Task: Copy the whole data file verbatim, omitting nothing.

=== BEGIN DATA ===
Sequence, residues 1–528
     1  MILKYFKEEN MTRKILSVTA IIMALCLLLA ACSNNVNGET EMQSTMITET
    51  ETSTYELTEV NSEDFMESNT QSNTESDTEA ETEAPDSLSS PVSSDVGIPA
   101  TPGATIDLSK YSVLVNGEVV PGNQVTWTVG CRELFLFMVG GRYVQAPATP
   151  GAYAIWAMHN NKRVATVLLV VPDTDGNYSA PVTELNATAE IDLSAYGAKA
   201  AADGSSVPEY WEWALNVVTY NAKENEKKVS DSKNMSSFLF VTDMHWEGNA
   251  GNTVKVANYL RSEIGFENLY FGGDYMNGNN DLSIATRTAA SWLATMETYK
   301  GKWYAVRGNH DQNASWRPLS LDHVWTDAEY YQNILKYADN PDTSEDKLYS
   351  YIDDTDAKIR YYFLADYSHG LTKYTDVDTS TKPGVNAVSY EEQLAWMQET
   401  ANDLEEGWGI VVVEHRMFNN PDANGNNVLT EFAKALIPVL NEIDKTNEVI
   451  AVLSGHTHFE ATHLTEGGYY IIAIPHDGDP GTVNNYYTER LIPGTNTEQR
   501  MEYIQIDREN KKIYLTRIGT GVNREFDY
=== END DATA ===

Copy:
Sequence, residues 1–528
     1  MILKYFKEEN MTRKILSVTA IIMALCLLLA ACSNNVNGET EMQSTMITET
    51  ETSTYELTEV NSEDFMESNT QSNTESDTEA ETEAPDSLSS PVSSDVGIPA
   101  TPGATIDLSK YSVLVNGEVV PGNQVTWTVG CRELFLFMVG GRYVQAPATP
   151  GAYAIWAMHN NKRVATVLLV VPDTDGNYSA PVTELNATAE IDLSAYGAKA
   201  AADGSSVPEY WEWALNVVTY NAKENEKKVS DSKNMSSFLF VTDMHWEGNA
   251  GNTVKVANYL RSEIGFENLY FGGDYMNGNN DLSIATRTAA SWLATMETYK
   301  GKWYAVRGNH DQNASWRPLS LDHVWTDAEY YQNILKYADN PDTSEDKLYS
   351  YIDDTDAKIR YYFLADYSHG LTKYTDVDTS TKPGVNAVSY EEQLAWMQET
   401  ANDLEEGWGI VVVEHRMFNN PDANGNNVLT EFAKALIPVL NEIDKTNEVI
   451  AVLSGHTHFE ATHLTEGGYY IIAIPHDGDP GTVNNYYTER LIPGTNTEQR
   501  MEYIQIDREN KKIYLTRIGT GVNREFDY